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The Venetian towers

Among the many remarkable sights on the island of Naxos are the Venetian fortified towers – evidence of a turbulent time. No other island in the Aegean has as many Venetian towers as Naxos.

After the Venetian crusader Marco Sanudo had conquered the island of Naxos in 1207, he divided it up among his 50 or so companions and appointed them feudal lords (he left the wealthier Greek landowners in their possession, and also put into use some areas that were not cultivated at the time). The Venetian feudal lords built fortified houses (“towers”) in the villages or on their estates, where they resided during the summer, while they spent the winter in their mansions in the Castro of Chóra.

The towers were originally built in such a way that they could be easily defended. Some towers had no windows or doors on the lowest floor; the windows were generally small. Other towers also had doors on the lower floor, but they only led to the workrooms located there without internal staircase access to the living quarters on the upper floors. In both cases, the entrance to the tower’s living quarters was on the second floor and could only be reached via a ladder or a bridge or a very steep, easily defended staircase.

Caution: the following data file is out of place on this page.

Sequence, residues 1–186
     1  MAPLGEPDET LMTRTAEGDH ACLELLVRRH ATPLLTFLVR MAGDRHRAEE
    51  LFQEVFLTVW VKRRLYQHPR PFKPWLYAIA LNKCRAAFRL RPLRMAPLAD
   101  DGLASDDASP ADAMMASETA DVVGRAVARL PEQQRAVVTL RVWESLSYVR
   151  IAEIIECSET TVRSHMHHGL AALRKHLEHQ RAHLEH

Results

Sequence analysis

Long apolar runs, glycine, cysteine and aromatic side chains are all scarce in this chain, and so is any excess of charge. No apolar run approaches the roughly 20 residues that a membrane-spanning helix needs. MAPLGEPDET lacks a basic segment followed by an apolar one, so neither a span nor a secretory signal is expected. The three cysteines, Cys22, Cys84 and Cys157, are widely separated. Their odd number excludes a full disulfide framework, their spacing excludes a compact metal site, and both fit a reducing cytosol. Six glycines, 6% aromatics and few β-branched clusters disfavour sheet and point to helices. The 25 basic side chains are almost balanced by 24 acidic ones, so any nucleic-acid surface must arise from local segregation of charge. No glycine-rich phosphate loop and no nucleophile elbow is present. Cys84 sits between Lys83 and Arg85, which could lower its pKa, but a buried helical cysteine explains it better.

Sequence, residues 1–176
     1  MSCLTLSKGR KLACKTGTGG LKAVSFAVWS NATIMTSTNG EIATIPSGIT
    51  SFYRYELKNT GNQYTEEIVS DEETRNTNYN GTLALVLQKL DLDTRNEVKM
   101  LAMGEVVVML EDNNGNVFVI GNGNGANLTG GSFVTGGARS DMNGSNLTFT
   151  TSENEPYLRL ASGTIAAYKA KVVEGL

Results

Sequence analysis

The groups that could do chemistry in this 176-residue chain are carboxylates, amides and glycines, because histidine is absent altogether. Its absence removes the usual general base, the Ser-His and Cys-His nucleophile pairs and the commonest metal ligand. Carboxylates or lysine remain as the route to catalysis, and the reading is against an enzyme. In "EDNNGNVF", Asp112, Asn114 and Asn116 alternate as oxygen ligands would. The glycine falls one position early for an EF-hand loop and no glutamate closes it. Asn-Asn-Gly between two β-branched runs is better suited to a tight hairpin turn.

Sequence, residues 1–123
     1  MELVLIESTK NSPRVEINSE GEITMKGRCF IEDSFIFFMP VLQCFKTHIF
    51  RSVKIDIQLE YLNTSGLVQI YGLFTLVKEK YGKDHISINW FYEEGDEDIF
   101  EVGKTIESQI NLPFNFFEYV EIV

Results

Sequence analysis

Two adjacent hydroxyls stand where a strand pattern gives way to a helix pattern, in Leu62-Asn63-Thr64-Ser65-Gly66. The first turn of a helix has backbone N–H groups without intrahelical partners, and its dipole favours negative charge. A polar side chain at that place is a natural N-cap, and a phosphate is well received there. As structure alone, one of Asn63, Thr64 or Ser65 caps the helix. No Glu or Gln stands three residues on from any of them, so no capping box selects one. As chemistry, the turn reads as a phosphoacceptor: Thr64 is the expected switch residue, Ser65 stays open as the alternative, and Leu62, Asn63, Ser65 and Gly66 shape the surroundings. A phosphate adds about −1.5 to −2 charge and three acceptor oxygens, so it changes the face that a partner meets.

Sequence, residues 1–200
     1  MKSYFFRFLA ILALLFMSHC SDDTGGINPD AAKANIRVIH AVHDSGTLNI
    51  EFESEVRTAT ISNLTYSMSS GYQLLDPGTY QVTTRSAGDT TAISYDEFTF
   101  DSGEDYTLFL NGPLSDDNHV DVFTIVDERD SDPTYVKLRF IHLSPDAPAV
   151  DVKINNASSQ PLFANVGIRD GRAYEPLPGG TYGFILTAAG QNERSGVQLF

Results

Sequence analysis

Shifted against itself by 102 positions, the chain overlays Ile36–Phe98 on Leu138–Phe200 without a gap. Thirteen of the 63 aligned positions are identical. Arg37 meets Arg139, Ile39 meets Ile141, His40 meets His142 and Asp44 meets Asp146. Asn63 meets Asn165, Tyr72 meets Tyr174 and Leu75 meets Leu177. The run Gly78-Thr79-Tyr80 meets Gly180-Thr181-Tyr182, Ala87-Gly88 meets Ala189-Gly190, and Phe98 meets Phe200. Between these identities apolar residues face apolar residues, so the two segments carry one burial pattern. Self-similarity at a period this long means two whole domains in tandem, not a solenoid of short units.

The Venetian tower of Agiá in the north of Naxos has no doors or windows on the lower floor, and the entrance on the second floor can only be reached via a very steep staircase.

At the tower in Chalkí, a large staircase separate from the tower leads up to the first floor; however, the entrance could only be reached via a retractable bridge. The porch at the window above the entrance was probably also used for defence purposes, e.g. for pouring down hot oil.